McGregor, a 29-year-old southpaw from Ireland, tried to go after Mayweather in the opening round, but he looked uneasy, and Mayweather moved around to get a good look at him. McGregor landed a couple of shots and put his hands behind his back at one point in a slow-paced round.
The slow pace continued in the second round, but McGregor was moving forward and touching Mayweather, though referee Robert Byrd warned him for hitting behind the head.
Mayweather, 40, of Las Vegas, finally started to get going in the fourth round as he began to land right hands against McGregor, who seemed to begin tiring; his mouth was hanging open. Mayweather also began to target McGregor’s body.
Mayweather said the plan he and his father and trainer, Floyd Mayweather Sr., devised was to start slowly.
“Our game plan was to take our time, go to him, let him shoot his shots early and then take him out down the stretch,” Mayweather said. “We know in MMA he fights for 25 minutes. After 25 minutes, he started to slow down. I guaranteed to everybody that this wouldn’t go the distance.
“I want to thank all the fans from Ireland and all the fans around the world for coming to see this event. I couldn’t do any of this without the fans.”
It was Mayweather’s first knockout since he stopped Victor Ortiz in the fourth round of a welterweight title fight in 2011. McGregor said he was disappointed that Byrd stopped the fight when he did.
“I’ve been strangled on live TV and came back,” McGregor said, referring to his submission loss and decision victory against Nate Diaz in 2016. “When you’re in here in the squared circle, everything is different. Let the man put me down. That’s fatigue, that’s not damage. Where was the final two rounds? Let me walk back to my corner and compose myself.”
In the sixth round, Mayweather began to land hard head shots that pushed McGregor back. His face was beginning to show redness from the punches, but the heavily pro-McGregor crowd was not deterred as it began to chant, “Conor! Conor!”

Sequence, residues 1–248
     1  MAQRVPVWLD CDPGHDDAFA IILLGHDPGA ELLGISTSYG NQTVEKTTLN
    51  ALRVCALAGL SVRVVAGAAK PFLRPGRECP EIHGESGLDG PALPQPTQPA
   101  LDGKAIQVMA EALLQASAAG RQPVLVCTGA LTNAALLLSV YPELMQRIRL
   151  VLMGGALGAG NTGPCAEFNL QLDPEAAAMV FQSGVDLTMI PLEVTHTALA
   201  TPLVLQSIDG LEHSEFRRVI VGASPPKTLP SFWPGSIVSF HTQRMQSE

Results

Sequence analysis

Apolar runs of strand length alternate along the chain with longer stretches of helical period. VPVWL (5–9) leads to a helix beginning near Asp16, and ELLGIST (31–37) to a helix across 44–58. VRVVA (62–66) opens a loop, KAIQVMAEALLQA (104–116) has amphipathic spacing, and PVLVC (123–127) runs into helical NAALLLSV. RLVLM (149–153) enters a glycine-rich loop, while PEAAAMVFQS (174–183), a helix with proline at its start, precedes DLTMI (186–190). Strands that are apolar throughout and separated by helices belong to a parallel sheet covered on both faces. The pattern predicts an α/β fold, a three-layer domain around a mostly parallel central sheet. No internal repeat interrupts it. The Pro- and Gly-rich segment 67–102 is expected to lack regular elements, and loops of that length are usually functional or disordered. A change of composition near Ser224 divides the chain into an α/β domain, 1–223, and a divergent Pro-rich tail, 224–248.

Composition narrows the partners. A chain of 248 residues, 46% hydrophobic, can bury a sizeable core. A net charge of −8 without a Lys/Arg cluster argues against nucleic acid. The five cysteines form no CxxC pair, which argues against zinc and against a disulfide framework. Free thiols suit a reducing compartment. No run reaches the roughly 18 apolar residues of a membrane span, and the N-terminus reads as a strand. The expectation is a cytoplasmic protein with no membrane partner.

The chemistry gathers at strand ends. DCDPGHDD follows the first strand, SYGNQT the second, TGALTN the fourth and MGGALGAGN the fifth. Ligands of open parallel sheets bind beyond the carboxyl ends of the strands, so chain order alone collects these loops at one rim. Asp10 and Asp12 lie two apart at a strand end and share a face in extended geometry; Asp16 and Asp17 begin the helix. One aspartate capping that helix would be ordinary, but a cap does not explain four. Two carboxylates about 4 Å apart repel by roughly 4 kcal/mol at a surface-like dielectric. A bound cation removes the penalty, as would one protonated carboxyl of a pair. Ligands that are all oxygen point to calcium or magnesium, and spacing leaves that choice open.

Mayweather landed a right hand in the seventh round that snapped McGregor’s head straight back. He continued to land crisp punches, whereas the shots McGregor landed didn’t appear to have much steam on them.
McGregor went straight at Mayweather to open the ninth round and had to be pulled off his back by Byrd. But the rest of the round was all Mayweather, who laid punishment on him with an assortment of clean right hands, one of which swiveled McGregor’s head. Later in the round, Mayweather landed brutal combinations against an exhausted McGregor, who showed enormous heart but was outclassed.
In the 10th round, McGregor had nothing left. Mayweather landed a huge right hand that nearly knocked him down, and he then continued the assault, landing about a dozen unanswered punches. McGregor was barely on his feet, and Byrd jumped in and stopped the fight at 1 minute, 5 seconds.
At the time of the stoppage, Mayweather led 89-82, 89-81 and 87-83 on the judges’ scorecards.
Mayweather landed 170 of 320 punches (53 percent), according to CompuBox statistics, and McGregor landed 111 of 430 (26 percent). McGregor’s punch output dropped dramatically in the ninth and 10th rounds when he was getting hammered, but he acquitted himself well.
Perhaps it was his age or the long layoff, but Mayweather, known for his defensive brilliance, got hit a bit more than usual. Nine Mayweather opponents landed less than 100 punches in a 12-round fight — including Pacquiao, who landed 81 — but McGregor landed 111 in 10 rounds.
Mayweather, however, said he fought exactly as he had planned.
“Our game plan was to go straight ahead,” Mayweather said. “I said numerous times that I wouldn’t back down, and that’s what I did.”